-- issuerAltName, and other uses of GeneralNames.

    id-on OBJECT IDENTIFIER ::= { id-pkix 8 }

    SmtpUtf8OtherNames OTHER-NAME ::= { on-SmtpUTF8Name, ... }

    on-SmtpUTF8Name OTHER-NAME ::= {
        SmtpUTF8Name IDENTIFIED BY id-on-SmtpUTF8Name

    id-on-SmtpUTF8Name OBJECT IDENTIFIER ::= { id-on 9 }

    SmtpUTF8Name ::= UTF8String (SIZE (1..MAX))


                                 Figure 2

Appendix B.  Example of SmtpUTF8Name

   This non-normative example demonstrates using SmtpUTF8Name as an
   otherName in GeneralName to encode the email address

      The hexadecimal DER encoding of the email address is:
      A022060A 2B060105 05070012 0809A014 0C12E880 81E5B8AB 40657861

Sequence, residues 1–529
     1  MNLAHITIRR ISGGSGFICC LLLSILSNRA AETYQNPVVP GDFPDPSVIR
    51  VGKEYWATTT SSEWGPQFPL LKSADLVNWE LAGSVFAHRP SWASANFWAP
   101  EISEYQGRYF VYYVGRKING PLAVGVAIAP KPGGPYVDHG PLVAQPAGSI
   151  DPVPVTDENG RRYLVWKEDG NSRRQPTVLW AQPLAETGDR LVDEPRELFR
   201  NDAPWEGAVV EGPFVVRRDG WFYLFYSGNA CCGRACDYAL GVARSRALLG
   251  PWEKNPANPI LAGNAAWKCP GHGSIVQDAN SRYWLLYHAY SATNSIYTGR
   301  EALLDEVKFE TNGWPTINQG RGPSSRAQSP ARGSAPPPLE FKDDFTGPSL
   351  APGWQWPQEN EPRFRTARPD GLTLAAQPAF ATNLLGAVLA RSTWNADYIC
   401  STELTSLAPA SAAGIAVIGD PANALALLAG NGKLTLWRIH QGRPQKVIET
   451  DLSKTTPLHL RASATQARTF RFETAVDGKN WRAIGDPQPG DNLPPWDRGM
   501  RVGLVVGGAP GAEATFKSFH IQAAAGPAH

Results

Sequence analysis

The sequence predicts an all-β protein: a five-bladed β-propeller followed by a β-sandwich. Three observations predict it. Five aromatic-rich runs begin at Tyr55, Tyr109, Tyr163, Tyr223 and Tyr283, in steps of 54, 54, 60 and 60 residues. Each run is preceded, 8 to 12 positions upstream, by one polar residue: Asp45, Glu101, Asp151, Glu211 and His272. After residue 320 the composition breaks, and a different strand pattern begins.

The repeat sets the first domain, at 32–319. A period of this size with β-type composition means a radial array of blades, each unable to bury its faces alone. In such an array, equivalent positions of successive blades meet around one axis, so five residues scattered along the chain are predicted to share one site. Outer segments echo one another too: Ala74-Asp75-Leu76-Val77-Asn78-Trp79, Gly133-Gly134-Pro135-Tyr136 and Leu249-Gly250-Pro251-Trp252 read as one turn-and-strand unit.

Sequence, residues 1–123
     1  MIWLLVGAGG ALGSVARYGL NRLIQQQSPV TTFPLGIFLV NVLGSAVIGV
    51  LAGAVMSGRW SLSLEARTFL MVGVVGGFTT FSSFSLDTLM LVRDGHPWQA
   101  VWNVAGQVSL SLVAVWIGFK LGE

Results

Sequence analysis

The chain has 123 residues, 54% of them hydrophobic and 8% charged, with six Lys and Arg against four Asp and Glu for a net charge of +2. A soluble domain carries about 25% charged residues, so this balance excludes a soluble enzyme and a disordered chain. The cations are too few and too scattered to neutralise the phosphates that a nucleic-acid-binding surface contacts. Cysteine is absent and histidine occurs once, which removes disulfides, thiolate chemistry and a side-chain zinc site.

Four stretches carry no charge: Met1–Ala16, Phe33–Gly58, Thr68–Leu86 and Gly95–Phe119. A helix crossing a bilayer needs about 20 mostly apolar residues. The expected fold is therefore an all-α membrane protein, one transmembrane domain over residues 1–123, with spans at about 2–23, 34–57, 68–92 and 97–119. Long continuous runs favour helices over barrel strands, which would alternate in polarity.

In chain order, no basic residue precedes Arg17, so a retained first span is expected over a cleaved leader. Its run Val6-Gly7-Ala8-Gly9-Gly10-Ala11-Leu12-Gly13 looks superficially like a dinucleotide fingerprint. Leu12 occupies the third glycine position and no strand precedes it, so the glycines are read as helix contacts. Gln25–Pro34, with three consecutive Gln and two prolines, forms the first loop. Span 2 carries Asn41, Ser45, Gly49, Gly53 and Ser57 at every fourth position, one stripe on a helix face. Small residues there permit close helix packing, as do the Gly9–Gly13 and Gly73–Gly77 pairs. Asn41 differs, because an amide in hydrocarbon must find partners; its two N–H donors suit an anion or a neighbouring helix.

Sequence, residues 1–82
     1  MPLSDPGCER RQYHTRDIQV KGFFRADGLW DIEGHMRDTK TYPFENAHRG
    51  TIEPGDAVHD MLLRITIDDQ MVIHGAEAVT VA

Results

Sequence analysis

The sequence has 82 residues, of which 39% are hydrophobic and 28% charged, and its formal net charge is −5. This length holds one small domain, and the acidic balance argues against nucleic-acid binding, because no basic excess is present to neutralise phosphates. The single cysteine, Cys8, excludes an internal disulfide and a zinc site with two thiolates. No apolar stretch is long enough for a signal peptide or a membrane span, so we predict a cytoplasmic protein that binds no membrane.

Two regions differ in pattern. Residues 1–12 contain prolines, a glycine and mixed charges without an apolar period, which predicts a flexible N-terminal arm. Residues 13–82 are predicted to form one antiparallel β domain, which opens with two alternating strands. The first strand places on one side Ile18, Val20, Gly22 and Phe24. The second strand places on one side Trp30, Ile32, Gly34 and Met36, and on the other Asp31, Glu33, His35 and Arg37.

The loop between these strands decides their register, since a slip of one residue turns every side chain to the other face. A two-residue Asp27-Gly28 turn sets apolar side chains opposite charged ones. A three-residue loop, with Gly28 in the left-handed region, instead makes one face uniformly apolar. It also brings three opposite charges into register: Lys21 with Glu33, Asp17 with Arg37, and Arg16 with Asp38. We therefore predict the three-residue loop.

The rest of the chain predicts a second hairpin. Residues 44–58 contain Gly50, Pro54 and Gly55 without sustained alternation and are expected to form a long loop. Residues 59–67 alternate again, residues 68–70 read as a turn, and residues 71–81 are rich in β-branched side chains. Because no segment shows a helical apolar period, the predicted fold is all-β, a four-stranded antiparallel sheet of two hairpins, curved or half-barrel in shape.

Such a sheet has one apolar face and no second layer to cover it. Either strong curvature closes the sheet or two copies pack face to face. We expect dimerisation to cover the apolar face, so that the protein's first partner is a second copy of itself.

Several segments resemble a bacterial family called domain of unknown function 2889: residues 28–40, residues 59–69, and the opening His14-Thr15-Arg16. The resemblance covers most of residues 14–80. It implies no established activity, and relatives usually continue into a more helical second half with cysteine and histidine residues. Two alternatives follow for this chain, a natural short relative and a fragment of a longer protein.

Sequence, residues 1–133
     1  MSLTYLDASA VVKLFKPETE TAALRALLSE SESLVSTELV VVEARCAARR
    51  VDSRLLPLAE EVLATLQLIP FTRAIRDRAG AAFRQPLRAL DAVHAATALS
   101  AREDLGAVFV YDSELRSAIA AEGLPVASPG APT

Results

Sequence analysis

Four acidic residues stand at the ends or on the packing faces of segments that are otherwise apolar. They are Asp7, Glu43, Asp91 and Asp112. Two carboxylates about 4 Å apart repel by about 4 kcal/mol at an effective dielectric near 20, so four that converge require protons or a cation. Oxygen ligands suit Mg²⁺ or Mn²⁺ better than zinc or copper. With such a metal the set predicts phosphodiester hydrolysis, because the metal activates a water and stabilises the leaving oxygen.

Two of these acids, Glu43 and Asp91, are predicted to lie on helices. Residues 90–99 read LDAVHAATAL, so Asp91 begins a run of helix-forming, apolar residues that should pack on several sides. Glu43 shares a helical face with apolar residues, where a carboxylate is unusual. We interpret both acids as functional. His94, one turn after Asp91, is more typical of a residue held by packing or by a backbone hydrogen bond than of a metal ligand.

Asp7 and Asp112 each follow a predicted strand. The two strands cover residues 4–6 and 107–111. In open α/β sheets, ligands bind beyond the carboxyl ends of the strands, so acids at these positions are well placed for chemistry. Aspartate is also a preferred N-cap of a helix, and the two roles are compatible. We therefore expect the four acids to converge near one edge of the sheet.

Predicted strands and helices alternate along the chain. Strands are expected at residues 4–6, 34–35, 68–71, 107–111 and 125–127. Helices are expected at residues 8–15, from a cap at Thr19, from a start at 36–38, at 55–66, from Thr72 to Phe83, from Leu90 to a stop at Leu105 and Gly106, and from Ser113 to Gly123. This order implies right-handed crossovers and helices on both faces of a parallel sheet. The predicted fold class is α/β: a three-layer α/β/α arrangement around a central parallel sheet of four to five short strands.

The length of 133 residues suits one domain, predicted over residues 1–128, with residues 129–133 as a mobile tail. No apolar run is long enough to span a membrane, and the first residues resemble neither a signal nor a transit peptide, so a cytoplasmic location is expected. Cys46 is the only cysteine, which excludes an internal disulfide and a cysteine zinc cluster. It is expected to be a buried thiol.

6D706C65 2E636F6D

      The text decoding is:
        0  34: [0] {
        2  10:   OBJECT IDENTIFIER '1 3 6 1 5 5 7 0 18 8 9'
       14  20:   [0] {
       16  18:     UTF8String ''
             :     }
             :   }

                                 Figure 3

   The example was encoded on the OSS Nokalva ASN.1 Playground and the
   above text decoding is an output of Peter Gutmann's "dumpasn1"

Appendix C.  Acknowledgements

   Thank you to Magnus Nystrom for motivating this document.  Thanks to
   Russ Housley, Nicolas Lidzborski, Laetitia Baudoin, Ryan Sleevi, Sean
   Leonard, Sean Turner, John Levine, and Patrik Falstrom for their
   feedback.  Also special thanks to John Klensin for his valuable input
   on internationalization, Unicode and ABNF formatting, to Jim Schaad
   for his help with the ASN.1 example and his helpful feedback, and to
   Viktor Dukhovni for his help with name constraints.

Authors' Addresses

   Alexey Melnikov (editor)
   Isode Ltd
   14 Castle Mews
   Hampton, Middlesex  TW12 2NP


   Weihaw Chuang (editor)
   Google, Inc.
   1600 Amphitheater Parkway
   Mountain View, CA  94043